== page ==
In 2013, Intuitive announced they were setting $67 million aside to be used for 3,000 complaints which had been filed against the company.  Rather than going to court, the company decided to offer settlements. This allowed them to avoid costly litigation and deny responsibility while still compensating the complainants.

2013 – Trial One

Separately, in May of 2013, the first jury trial involving da Vinci robot surgery was conducted.  The plaintiff was the family of a prostatectomy patient who had died four years after the surgery from complications associated with the procedure.

The jury ruled in favor of Intuitive Surgical, finding that the company was not negligent in training the surgeon involved in the case.  Intuitive Surgical placed the blame for negative outcome on the surgeon that who had allegedly ignored guidelines despite numerous health concerns with the patient.

The trial was also lost on appeal, but the Washington Supreme Court ruled that the lower court should have determined that Intuitive had a duty to warn the hospital and granted the family a new trial.  That trial date is still pending. The plaintiff’s family has been awarded a new trial

2016 – Trial Two

In April of 2016, the second of the da Vinci robot injury trials went to court.  The plaintiff was a woman who claimed that she had been injured during a hysterectomy procedure.  The case was settled while the jury was in deliberations, for a total of $30 million offered to the plaintiff.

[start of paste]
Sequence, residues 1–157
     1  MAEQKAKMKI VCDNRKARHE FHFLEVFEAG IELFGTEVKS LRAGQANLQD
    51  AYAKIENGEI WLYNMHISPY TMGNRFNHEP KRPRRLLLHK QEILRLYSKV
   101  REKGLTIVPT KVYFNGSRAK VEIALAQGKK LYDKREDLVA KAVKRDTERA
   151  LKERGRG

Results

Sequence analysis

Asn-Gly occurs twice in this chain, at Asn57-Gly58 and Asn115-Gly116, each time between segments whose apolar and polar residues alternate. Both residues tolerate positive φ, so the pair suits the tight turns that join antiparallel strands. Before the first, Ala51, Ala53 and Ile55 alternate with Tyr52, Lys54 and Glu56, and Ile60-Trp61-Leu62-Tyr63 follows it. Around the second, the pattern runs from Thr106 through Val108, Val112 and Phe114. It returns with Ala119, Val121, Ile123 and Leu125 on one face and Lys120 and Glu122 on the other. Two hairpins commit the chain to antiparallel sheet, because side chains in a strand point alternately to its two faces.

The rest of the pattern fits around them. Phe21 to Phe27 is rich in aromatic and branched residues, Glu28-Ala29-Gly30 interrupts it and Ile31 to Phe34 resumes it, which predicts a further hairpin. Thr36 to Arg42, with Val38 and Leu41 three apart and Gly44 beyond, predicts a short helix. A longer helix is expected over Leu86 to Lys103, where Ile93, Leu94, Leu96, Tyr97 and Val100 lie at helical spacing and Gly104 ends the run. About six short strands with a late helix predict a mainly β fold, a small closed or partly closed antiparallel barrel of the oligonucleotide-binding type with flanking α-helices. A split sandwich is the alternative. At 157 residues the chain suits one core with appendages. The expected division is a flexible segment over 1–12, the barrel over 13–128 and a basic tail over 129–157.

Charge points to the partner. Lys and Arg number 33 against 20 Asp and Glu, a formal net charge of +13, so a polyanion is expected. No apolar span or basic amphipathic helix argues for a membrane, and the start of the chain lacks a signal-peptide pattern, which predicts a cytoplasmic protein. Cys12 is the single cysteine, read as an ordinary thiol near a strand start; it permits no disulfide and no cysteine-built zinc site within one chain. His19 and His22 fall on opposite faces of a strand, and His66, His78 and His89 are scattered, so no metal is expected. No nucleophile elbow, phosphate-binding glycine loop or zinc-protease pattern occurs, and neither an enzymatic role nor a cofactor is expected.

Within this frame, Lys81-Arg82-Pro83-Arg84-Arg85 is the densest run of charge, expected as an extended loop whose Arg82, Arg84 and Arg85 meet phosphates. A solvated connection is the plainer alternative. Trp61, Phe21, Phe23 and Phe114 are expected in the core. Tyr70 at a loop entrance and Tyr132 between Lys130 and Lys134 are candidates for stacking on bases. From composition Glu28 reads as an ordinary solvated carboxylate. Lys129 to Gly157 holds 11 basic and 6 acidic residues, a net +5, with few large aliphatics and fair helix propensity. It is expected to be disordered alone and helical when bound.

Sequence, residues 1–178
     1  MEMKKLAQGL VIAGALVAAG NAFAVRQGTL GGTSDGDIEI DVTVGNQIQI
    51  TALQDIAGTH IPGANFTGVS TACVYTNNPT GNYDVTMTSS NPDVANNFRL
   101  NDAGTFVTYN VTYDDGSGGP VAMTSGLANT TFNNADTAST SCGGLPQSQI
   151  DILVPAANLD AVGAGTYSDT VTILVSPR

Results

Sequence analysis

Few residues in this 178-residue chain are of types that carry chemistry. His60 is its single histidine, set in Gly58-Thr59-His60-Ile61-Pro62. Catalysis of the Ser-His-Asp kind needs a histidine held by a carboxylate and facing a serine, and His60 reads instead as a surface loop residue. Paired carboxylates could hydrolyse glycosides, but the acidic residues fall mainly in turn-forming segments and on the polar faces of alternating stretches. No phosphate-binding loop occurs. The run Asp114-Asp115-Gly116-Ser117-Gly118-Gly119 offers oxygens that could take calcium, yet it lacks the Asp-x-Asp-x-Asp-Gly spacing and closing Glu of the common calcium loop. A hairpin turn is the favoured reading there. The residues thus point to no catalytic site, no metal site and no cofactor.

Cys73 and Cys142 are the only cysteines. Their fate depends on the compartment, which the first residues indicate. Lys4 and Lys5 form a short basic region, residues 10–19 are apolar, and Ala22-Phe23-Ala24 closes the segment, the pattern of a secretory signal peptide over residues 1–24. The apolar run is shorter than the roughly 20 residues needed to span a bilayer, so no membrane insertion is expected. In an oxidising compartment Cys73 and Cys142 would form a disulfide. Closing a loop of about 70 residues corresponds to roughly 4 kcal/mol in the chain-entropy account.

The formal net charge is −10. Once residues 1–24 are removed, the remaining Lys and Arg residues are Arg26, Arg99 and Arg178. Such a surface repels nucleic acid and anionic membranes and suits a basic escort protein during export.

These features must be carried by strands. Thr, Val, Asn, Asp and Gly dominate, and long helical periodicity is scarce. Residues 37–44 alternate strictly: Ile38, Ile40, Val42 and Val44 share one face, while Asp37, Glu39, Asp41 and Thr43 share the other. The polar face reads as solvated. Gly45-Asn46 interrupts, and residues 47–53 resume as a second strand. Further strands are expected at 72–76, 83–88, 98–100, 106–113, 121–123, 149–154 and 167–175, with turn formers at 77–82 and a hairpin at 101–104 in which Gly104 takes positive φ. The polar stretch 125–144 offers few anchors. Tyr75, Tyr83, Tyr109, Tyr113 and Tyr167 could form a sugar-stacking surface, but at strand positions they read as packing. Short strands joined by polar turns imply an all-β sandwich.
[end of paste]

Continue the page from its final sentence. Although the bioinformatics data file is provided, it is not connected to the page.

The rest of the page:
Over 100 da Vinci Robotic Surgery System lawsuits are pending in courts, but a number of lawsuits are waiting to be filed or settled, including at least one class-action lawsuit.

Filing a Da Vinci Robot Lawsuit

In past medical injury lawsuits, plaintiffs who have been injured have been awarded compensation for medical costs, lost wages, future medical costs, and pain and suffering.  Family members of those who have died due to a defective medical device have been awarded compensation for wrongful death.

There are no guarantees when filing a da Vinci robot surgery lawsuit, but past medical injury cases have resulted in compensation amounts that range from $thousands to $millions.   Each case is unique and must be evaluated separately but people who have suffered injury or loved ones of those who died due to a da Vinci robotic procedure should seek legal advice.